5. Get your Zzz’s. Another menopause symptom is hot flashes or night sweats, which can keep you up at night. Restful sleep is important during menopause so you’re not overly tired during the day. This may require keeping your bedroom cooler than you usually do. Use a ceiling fan and wear lighter bed clothes. Make sure the room is dark and set your body clock by going to bed and waking up around the same time every day — even on weekends.

6. Stay hydrated. “You need to nourish your body with healthy food and water,” Jonekos says. Thirst is your body’s way of telling you that you need more fluid. When you’re dehydrated, your body has to work harder to perform, which can lead to fatigue. Dehydration also can cause nausea and difficulty concentrating. Keep a water bottle handy so you can drink when you’re thirsty. Choose water or caffeine-free tea or coffee — not calorie-laden drinks, as weight gain can make you sluggish.

7. Don’t overbook. You may be fatigued because you’re trying to do too much. Learn to say no. Know your limits and what you can and can’t accomplish in a day. Also, if you set reasonable limits, you’ll be less stressed, Jonekos says.

8. Try herbal remedies. Two herbal remedies that may help reduce menopause symptoms that can cause fatigue and anxiety are black cohosh and valerian. Talk to your doctor before taking herbs as teas or supplements as they can interfere with some medications.

“No one recipe fits everyone,” Jonekos says. “But if you’re suffering from fatigue during menopause, you need to take control, and you can do that by adopting a healthy lifestyle.” Eat right, exercise, get adequate sleep, and learn to relax — you will find you have more energy to enjoy your life.

From http://www.everydayhealth.com/hs/guide-to-managing-menopause/8-energy-boosters-for-menopause-fatigue/

Prevent heart attack and stroke

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Generic regular strength enteric coated 325mg aspirin tablets. The orange tablets are imprinted in black with “L429”. (Photo credit: Wikipedia)

This brief article will provide information and links to where additional information can be found to help you recognize and hopefully prevent a heart attack or stroke.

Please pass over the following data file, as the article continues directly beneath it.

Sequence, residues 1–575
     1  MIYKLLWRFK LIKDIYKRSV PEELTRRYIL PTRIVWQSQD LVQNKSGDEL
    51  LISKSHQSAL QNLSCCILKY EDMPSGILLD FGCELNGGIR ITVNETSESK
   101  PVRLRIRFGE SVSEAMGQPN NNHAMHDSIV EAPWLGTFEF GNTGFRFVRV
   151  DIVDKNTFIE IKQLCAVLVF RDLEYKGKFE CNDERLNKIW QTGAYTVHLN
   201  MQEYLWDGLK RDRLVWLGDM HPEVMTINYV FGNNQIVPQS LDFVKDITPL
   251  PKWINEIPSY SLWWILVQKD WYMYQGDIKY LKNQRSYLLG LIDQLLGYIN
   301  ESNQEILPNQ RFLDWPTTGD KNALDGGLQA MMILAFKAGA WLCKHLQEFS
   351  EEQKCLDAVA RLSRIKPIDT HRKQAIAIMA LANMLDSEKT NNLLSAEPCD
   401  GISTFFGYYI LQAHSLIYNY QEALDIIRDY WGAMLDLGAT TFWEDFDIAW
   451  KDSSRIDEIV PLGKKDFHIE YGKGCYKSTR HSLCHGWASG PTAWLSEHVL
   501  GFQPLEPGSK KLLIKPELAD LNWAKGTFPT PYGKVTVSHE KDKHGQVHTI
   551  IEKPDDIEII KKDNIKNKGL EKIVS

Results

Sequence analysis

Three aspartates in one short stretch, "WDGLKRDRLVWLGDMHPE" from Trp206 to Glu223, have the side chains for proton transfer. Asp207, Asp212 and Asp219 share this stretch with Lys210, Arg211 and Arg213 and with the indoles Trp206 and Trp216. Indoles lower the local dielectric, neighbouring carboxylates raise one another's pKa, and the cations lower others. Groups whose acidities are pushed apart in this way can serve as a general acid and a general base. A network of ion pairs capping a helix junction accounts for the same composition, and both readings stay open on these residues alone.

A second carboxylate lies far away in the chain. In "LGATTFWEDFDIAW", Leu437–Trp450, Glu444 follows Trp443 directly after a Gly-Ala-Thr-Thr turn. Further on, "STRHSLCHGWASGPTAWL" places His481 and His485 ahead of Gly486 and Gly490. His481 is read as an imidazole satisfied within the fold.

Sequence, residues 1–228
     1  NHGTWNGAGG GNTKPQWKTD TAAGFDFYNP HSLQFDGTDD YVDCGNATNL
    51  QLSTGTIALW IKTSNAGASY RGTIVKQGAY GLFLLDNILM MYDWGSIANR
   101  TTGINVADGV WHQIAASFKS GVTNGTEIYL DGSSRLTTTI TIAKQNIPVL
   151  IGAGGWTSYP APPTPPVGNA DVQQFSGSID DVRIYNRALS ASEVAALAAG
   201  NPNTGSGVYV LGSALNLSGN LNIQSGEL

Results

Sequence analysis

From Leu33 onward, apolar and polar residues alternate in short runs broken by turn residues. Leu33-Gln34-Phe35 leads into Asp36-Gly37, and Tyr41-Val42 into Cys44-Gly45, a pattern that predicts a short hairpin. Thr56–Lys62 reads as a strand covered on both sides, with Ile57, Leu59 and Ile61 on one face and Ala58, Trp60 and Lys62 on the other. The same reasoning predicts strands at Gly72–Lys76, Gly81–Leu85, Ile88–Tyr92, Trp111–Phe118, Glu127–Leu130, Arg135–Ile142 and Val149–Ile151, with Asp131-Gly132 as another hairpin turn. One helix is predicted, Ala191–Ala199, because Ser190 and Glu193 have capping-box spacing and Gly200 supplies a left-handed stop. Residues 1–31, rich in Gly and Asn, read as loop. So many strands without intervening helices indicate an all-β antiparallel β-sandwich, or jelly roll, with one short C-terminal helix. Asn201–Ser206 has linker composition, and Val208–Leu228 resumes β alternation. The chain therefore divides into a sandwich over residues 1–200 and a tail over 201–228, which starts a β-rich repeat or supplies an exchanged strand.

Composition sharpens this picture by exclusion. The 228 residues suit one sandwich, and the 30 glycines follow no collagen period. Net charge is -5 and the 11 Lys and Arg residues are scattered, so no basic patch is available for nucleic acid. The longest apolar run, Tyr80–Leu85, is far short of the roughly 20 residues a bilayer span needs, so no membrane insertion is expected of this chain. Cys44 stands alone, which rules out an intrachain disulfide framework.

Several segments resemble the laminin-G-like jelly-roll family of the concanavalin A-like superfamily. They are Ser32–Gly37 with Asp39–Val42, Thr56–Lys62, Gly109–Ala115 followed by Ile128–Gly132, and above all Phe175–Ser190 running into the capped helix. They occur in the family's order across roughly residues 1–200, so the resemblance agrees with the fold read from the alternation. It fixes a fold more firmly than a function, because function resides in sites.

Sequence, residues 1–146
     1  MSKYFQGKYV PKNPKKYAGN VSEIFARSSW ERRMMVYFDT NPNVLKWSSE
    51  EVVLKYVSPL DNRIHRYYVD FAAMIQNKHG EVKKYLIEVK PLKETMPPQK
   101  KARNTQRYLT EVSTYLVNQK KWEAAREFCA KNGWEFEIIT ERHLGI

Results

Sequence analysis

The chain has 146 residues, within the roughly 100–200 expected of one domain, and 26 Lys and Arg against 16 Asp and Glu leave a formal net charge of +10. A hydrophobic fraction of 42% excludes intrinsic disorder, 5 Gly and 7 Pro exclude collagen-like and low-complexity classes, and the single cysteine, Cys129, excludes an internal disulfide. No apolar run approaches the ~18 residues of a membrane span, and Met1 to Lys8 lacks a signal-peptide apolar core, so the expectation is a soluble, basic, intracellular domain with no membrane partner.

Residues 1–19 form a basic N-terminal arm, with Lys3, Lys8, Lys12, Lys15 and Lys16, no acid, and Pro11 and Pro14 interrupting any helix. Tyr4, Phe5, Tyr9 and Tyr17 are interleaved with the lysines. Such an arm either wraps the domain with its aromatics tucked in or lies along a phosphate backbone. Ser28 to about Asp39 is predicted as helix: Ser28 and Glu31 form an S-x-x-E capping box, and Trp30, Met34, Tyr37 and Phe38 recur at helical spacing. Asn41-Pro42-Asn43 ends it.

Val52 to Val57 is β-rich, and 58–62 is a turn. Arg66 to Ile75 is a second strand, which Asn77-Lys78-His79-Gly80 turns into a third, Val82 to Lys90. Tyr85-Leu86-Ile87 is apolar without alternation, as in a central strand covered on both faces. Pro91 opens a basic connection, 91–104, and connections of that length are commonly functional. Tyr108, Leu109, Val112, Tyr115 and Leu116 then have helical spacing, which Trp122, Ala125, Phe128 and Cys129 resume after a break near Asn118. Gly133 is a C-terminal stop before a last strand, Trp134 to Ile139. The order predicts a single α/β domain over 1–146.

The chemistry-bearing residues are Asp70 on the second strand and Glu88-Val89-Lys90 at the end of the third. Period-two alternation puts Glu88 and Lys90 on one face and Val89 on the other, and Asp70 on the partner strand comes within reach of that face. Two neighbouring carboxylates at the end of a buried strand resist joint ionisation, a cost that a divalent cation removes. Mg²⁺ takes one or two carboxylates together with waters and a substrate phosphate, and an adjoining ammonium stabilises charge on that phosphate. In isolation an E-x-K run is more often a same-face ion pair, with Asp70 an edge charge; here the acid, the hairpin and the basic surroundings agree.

According to cardiologists, most heart attacks occur in the day, generally between 6 a.m. and noon. If you take an aspirin or a baby aspirin once a day, take it at night. Aspirin has a 24-hour “half-life” therefore, the aspirin would be strongest in your system when most heart attacks happen, in the wee hours of the morning.

A 2012 RetiredBrains survey of cardiologists provides the following information on the symptoms, warning signs and treatment for heart attack and stroke.

How to recognize heart attack symptoms

Chest discomfort that feels like pressure, or seems like a squeezing pain in the center of your chest. This pain generally lasts for more than a few minutes, but sometimes goes away and returns.

Pain and/or discomfort that extends beyond your chest to other parts of your upper body, such as one or both arms, back, neck, stomach, teeth, and even your jaw; shortness of breath, with or without chest discomfort. Other symptoms include: cold sweats, nausea or vomiting, lightheadedness, indigestion, and fatigue.

What should I do when heart attack symptoms occur

If you or someone you are with experiences chest discomfort or other heart attack symptoms the first thing you should do is call 9-1-1.

Don’t wait to make the call. Don’t drive yourself to the hospital. Don’t drive the person having a heart attack to the hospital. Immediate treatment lessens heart damage and can save your life. Emergency medical services personnel can begin treatment in the ambulance on the way to the hospital and are trained to revive a person if his/her heart stops. Some people delay treatment because they are not sure they are really having a heart attack. Remember call 911 immediately as treatment given within an hour of the first heart attack symptoms saves lives and damage to the heart and substantially increases the chances of survival.

What should I do before paramedics arrive

If 911 has been called:

1. Try to keep the person calm, and have them sit or lie down.

2. If the person isn’t allergic to aspirin, have them chew and swallow an aspirin (It works faster when chewed than swallowed whole.)

3. If the person stops breathing, you or someone else who is qualified should perform CPR immediately. If you don’t know CPR, the 9-1-1 operator can assist you until the EMS personnel arrive.

For more information, check out the heart disease section on Mayo Clinic’s site and the warning signs of heart attack, stroke and cardiac arrest, compiled by the American Heart Association.

The information contained in this article should not be substituted for the advice of your physician. If you experience any symptoms or are concerned about your health in any way, you should immediately seek the advice of your physician.

From MarketWatch